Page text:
We spoke about foursquare type games where people can collect awards or keep people drilling down through data, and using metadata to keep them interested and continuing to search or play a game on your site.

I found the evening inspiring, and really enjoyed spending time with such knowledgeable techies who were so interested in using museum data.”

Rhiannon’s report

“I was a little nervous about attending this event because my knowledge of Linked Data was sketchy to say the least (I required, for instance, a refresher on what it actually meant!). I was persuaded to attend however and I’m glad that I did. 

I was on a table that was discussing ‘what might real people use it for’? There were about 8-10 of us on the table and I think the majority were coming at the question from a developer rather than a museum perspective.

I took a few things away with me which I hope sound more realistic than negative.  The first was that it seemed to me to be a great knowledge divide between the people who want the data and the people who have the data.  The message from developers was very much ‘we could do such cool stuff, it would be so useful to so many people, and would really benefit museums, why aren’t more museums publishing the data for us to do this?’  The immediate answer that sprung to my mind was ‘because they don’t know that they should be for a start’.  Now I’m not talking about bigger museums here, I’m possibly not even talking about London museums, but I’m talking about your regional museum, which might only have a couple of members of staff, or even, one voluntary curator who only comes in once a week.  It seems to me that those museums might not even think of themselves as having data, let alone know that other people might want it, or how to go about publishing it.  Even if they do know these basic things, they may have other worries.  We all know museum professionals who are still quite skeptical about digital, and about web 2.0, and about the risks to authority, copyright etc etc and it felt to me like there was a colossal amount of work to be done in explaining to these people why releasing their data would be a good thing.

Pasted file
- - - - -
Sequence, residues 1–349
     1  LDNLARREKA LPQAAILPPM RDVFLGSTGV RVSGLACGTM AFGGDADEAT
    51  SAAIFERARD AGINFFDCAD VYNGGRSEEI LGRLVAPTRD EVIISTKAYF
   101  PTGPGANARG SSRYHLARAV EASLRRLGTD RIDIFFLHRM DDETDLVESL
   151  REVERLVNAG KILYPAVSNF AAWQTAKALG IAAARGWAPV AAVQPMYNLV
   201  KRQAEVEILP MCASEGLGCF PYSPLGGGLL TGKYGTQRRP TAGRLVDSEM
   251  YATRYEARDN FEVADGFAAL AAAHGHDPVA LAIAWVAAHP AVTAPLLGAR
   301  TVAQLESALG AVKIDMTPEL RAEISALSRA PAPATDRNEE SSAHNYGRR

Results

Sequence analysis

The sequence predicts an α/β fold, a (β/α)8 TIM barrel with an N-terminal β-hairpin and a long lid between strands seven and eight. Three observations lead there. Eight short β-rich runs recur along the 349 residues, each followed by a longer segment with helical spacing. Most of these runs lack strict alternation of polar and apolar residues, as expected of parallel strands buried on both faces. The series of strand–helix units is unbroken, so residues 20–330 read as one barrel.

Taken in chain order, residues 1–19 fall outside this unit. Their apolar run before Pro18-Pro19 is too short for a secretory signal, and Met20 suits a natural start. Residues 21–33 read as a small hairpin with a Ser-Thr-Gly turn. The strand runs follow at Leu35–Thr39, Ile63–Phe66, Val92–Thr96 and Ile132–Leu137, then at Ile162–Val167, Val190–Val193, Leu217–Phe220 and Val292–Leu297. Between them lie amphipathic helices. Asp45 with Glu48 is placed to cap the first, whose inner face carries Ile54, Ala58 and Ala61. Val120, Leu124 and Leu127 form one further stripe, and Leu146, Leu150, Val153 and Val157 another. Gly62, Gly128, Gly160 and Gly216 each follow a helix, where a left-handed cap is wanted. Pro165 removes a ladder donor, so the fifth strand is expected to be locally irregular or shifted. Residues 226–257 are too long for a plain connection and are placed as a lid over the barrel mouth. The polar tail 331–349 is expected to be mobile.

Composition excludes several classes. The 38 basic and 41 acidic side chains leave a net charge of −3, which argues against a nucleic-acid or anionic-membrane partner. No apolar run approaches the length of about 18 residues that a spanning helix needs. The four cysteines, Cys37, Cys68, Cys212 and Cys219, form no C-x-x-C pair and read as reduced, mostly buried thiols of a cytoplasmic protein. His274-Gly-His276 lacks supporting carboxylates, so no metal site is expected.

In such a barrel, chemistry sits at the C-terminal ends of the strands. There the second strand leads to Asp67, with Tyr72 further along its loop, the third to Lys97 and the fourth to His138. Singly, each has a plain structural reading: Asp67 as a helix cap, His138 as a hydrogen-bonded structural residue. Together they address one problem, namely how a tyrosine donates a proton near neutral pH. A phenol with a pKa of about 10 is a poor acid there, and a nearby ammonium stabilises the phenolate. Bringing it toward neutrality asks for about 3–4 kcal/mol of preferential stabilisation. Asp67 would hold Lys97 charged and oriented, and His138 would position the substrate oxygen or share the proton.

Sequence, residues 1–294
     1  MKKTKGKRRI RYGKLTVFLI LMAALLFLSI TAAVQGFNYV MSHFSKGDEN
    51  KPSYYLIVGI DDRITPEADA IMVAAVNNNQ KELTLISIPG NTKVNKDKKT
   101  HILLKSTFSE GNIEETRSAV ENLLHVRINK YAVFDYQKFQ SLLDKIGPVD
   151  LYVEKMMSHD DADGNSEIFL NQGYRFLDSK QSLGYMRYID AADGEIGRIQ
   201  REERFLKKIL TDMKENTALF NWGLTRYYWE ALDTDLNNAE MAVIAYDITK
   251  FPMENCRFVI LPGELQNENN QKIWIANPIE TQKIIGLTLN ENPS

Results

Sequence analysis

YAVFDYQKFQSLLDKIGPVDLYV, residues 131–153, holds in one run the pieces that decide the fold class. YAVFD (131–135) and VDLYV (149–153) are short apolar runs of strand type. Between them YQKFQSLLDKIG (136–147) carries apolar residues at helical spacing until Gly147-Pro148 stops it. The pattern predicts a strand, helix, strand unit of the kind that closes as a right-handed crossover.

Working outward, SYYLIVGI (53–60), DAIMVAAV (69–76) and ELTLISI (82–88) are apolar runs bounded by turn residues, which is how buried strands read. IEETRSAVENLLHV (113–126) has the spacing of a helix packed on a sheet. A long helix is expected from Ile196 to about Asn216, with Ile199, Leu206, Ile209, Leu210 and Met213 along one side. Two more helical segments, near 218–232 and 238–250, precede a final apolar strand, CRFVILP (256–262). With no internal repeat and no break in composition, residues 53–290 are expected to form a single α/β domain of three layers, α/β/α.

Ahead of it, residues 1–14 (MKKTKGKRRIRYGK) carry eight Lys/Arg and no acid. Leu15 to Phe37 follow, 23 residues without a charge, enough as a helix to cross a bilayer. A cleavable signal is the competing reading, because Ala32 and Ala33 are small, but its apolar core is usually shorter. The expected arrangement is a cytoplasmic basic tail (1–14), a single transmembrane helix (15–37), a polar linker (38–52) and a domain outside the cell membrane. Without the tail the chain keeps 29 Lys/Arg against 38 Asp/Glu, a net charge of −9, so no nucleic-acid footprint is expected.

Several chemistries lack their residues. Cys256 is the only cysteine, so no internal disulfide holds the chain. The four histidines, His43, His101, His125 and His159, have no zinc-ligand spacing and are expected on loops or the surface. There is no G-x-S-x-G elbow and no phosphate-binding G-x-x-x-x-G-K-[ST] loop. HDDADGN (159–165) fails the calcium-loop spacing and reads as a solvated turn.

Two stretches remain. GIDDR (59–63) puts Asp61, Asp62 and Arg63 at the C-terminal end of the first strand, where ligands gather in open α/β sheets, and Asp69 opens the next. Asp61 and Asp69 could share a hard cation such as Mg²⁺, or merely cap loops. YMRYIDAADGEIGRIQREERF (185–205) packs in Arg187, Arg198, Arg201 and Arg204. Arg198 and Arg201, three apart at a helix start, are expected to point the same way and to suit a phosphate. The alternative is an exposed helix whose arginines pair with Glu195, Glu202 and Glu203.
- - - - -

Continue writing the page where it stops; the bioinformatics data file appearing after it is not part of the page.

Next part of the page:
There is also, however, a probably-equally important explanation that needs to happen (and this evening was very important towards that) so that the world of developers understands the worries of these museum professionals, which, whilst they can seem frustrating, are often very real and important.  There are also some very practical reasons why museum data just may not be in a state to be released either because it’s not that detailed, or because it’s not in a state to be made public, for whatever reason.

The second big thing I took away occurred once the discussions began to round up, when discussion turned to ‘so what are you going to do now?’  It seems to me that two key barriers that need to be overcome before any of us can effect any real change are a) the lack of influence and b) the lack of time that most people who believe that all this is a good idea has to actually influence any national or international change.  It may be that these things can change, but my feeling is that there is a lot of work to be done at this basic level before we can really start achieving the undoubtedly more exciting and useful goals that linked data could achieve.”

What next?

If you want to help get some more real examples out there in the wild, I’m trying to get some object pages published based on the suggestions, sample markup and concrete examples collected at Sample NMSI objects as Linked Data and Thoughts on linked data and the Science Museum.

If you want to ‘stop worrying and start doing’ there are also some good examples of use cases and possible solutions in the ‘What is useful for real people and audiences? (Use cases)’ section of the event summary.

The first event went so well that a number of people asked for another one – get in touch if you want to help, or organise one yourself if you’re feeling impatient! All you need is a space and some way to tell people about it.

The wiki is useful as a place for publishing information, but would a mailing list or some other way of working together also be useful?


My thanks to Paul Rowe, whose visit to London inspired the timing, and Ian Davis, whose response to a tentative tweet reassured me that linked data people would be interested in meeting with museum people…  And more than anything, thanks to everyone who turned up and participated, and to those who’ve kept editing and commenting and sharing on the wiki.

About the writers

Gemma is Assistant Collections Officer, Croydon Museum Service. Rhiannon is E-Learning Officer (Web), Museum of London. Mia is Lead Web Developer, Science Museum. We’re all committee members for the Museums Computer Group.  Sign up to the MCG email list for discussions between museum, gallery and higher education professionals about the various uses of computing in museum contexts and advance notice of any future events.